9. Jupiter: a giant primitive planet
Beneath Jupiterís clouds
Educated guesses about Jupiterís internal constitution
We cannot see beneath the clouds of Jupiter, but we can use external measurements to constrain its internal properties. As an example, we now know that the giant planet emits its own heat radiation, which means that it is hot inside. Since Jupiter and the Sun originated from similar material at the same time, a good initial assumption is that they have the same ingredients with similar proportions. The planetís low average mass density indicates that it is in fact composed largely of hydrogen and helium, just as the Sun is. The planetís oblate shape and rapid rotation also tell us something about the way it is constructed inside. Due to the enormous pressures inside Jupiter, most of the planetís hydrogen is compressed into a liquid metallic form, which has been created in the terrestrial laboratory and helps account for the giantís strong magnetic field. All of these constraints have been pieced together to make a picture of Jupiterís invisible interior.
An incandescent globe
With the advent of ground-based infrared measurements of the planets, pioneered by Frank J. Low and his colleagues in the 1960s, astronomers were surprised to discover in 1969 that the giant planet is an incandescent globe with its own internal source of heat. This result was confirmed in greater detail with instruments aboard the Voyager 1 and 2 spacecraft, that determined precisely how much infrared heat radiation was emerging from inside the planet. They showed that Jupiter is radiating 1.67 times as much energy as the atmosphere absorbs from incoming sunlight. In other words, the giant planet radiates nearly twice as much energy as it receives from the Sun, and almost half of the total energy that Jupiter loses must come from its interior. That essentially meant that the planet had to be unexpectedly hot inside.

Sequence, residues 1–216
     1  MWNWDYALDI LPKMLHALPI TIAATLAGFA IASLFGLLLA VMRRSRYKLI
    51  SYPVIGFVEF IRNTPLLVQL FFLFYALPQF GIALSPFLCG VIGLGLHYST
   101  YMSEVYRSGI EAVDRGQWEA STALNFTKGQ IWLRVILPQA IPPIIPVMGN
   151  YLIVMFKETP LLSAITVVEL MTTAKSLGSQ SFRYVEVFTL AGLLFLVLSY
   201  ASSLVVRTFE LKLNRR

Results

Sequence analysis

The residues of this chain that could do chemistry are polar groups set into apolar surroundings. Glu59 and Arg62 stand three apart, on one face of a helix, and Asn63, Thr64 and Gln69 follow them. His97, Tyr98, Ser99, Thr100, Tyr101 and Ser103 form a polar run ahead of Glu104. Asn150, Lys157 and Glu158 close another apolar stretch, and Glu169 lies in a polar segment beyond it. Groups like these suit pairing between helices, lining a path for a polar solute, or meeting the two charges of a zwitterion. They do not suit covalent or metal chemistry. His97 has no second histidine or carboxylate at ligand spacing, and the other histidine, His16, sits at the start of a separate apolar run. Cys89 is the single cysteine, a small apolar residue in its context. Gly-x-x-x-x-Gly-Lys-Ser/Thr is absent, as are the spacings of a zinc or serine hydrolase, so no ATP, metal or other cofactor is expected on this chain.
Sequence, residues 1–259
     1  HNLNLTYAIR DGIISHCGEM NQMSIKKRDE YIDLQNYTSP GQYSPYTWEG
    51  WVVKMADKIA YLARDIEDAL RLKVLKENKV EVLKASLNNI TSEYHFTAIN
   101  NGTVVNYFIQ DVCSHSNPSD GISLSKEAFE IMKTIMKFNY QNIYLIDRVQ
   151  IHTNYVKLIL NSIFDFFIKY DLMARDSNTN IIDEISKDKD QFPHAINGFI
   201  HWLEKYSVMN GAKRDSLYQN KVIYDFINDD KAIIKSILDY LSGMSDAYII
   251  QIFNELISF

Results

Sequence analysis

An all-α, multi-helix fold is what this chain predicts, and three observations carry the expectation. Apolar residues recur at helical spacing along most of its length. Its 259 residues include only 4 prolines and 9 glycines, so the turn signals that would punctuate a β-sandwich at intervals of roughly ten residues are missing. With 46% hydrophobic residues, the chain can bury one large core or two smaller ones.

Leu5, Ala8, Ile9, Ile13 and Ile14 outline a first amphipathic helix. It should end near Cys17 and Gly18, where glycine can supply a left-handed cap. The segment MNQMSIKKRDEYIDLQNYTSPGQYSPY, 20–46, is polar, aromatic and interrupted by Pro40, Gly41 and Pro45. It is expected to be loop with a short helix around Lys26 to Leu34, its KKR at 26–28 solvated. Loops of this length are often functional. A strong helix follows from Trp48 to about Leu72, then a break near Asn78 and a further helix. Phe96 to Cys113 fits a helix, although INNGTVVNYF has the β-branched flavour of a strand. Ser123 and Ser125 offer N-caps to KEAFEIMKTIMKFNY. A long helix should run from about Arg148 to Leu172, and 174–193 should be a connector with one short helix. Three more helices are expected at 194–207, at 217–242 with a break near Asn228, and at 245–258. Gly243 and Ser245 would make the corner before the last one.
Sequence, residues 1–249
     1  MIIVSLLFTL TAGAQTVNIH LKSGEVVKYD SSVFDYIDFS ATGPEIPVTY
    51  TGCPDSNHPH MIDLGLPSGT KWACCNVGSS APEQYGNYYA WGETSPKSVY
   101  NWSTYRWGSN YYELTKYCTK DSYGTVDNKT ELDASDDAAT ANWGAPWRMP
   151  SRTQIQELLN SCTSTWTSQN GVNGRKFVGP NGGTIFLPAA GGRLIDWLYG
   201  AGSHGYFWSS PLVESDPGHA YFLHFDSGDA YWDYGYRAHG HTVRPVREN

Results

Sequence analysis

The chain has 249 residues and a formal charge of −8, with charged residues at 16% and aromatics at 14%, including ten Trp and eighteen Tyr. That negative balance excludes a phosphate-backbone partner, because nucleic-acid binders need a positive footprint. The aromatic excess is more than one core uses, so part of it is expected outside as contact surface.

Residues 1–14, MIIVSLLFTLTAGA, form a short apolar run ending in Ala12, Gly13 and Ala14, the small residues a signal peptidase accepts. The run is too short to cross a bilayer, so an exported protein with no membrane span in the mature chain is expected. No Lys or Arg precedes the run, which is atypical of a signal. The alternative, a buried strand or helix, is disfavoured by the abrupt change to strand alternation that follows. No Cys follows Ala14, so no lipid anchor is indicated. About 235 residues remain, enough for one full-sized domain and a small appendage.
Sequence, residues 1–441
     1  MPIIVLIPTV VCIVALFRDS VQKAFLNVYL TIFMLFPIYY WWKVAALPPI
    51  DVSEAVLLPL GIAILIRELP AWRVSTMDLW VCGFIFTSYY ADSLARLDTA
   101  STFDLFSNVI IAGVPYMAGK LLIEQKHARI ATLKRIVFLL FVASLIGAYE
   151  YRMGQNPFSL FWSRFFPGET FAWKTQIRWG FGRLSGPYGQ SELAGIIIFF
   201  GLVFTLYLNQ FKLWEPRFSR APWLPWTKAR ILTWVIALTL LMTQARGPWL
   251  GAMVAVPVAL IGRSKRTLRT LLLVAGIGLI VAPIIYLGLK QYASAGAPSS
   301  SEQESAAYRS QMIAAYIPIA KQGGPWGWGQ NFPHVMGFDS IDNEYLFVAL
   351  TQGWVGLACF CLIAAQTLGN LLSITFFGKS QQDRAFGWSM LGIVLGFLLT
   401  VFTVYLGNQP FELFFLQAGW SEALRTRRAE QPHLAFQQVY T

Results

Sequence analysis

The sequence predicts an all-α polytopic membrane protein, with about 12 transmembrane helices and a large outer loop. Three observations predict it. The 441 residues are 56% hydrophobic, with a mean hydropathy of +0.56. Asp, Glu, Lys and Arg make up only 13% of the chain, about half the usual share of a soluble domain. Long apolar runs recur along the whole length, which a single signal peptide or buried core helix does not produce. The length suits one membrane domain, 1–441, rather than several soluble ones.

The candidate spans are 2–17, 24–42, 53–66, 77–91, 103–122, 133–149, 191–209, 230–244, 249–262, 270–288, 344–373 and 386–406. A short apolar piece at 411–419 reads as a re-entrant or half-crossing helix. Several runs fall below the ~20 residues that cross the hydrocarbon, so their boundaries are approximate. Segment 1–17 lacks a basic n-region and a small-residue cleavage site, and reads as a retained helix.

Ingredients at formation
According to the widely accepted nebular hypothesis, the Sun and planets formed together during the collapse of a rotating interstellar cloud called the solar nebula. Most of it fell into the center, until it became hot enough to ignite the Sunís nuclear fires. Further out, the planets formed out of a whirling disk of the same material. If the nebular hypothesis is correct, and the whole solar system originated at the same time, then you might expect Jupiter to have a similar chemical composition to the Sun. To a first approximation, the abundance of the elements in the giant planet does indeed mimic that of the Sun, with a predominance of the lightest element hydrogen. It is the most abundant element in most stars, in interstellar space, and in the entire Universe. The second most abundant element in both Jupiter and the Sun is helium, and hydrogen and helium together account for the low mean mass density of both objects, at 1,330 and 1,409 kilograms per cubic meter respectively.
An equatorial bulge
Observations with even a small telescope show that Jupiter is not a sphere. It has a perceptible bulge around its equatorial middle and is flattened at the poles. This elongated oblate shape is caused by Jupiterís rapid spin. The outward force of rotation opposes the inward gravitational force, and this reduces the pull of gravity in the direction of spin. Since this effect is most pronounced at the equator, and least at the poles, the planet expands into an oblate shape that is elongated along the equator. The same thing happens to all the giant planets, and even to the solid Earth.